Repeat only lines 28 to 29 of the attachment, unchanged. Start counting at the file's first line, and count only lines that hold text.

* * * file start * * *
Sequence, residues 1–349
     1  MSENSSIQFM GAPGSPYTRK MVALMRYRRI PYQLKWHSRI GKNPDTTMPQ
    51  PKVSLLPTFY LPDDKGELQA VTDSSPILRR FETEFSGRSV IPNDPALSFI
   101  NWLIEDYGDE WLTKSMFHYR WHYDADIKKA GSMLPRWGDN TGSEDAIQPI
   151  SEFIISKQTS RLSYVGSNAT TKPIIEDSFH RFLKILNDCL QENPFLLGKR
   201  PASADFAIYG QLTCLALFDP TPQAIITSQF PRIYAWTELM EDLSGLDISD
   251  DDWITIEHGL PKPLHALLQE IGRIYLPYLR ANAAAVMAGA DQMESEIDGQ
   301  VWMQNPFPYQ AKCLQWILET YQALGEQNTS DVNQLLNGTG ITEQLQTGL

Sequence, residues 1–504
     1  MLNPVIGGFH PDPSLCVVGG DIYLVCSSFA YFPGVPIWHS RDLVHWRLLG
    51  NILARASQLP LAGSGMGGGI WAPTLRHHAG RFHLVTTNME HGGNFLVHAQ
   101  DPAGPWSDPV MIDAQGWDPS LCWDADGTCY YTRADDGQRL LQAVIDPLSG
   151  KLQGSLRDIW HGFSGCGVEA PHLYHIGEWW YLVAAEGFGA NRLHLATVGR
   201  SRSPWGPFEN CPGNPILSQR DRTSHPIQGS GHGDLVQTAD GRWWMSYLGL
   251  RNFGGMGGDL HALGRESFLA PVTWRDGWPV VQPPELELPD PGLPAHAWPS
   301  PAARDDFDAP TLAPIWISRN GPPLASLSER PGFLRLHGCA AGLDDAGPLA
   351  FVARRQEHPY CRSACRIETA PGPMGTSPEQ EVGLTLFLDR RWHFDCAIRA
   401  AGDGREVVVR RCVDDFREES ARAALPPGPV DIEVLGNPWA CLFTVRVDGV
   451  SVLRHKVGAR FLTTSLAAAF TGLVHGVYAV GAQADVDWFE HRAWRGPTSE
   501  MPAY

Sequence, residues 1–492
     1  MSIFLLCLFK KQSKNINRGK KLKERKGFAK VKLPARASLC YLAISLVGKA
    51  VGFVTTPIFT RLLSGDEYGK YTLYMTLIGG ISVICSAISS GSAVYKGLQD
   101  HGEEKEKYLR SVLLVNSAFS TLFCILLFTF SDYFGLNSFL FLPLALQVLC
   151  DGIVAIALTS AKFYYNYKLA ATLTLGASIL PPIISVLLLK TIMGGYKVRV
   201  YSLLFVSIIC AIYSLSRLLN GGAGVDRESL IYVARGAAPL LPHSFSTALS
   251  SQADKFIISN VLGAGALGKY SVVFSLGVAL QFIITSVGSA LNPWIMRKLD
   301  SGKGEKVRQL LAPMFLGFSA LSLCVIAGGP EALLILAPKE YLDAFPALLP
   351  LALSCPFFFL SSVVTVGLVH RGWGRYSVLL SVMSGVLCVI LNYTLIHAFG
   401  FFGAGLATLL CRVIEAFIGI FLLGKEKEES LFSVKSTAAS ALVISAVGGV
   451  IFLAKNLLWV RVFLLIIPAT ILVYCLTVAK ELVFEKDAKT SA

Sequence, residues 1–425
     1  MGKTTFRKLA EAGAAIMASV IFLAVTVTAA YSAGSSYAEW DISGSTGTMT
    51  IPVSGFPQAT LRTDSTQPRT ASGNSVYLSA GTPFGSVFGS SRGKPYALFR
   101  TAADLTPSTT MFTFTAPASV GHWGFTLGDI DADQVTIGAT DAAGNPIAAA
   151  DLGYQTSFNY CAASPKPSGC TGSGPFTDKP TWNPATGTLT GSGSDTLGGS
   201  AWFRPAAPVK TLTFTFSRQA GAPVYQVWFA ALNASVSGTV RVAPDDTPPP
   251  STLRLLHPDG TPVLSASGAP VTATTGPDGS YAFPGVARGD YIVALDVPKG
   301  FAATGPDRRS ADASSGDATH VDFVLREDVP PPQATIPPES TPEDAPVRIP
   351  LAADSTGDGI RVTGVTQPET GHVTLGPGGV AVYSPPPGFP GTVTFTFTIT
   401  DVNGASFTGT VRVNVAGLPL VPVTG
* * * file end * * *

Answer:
   301  SGKGEKVRQL LAPMFLGFSA LSLCVIAGGP EALLILAPKE YLDAFPALLP
   351  LALSCPFFFL SSVVTVGLVH RGWGRYSVLL SVMSGVLCVI LNYTLIHAFG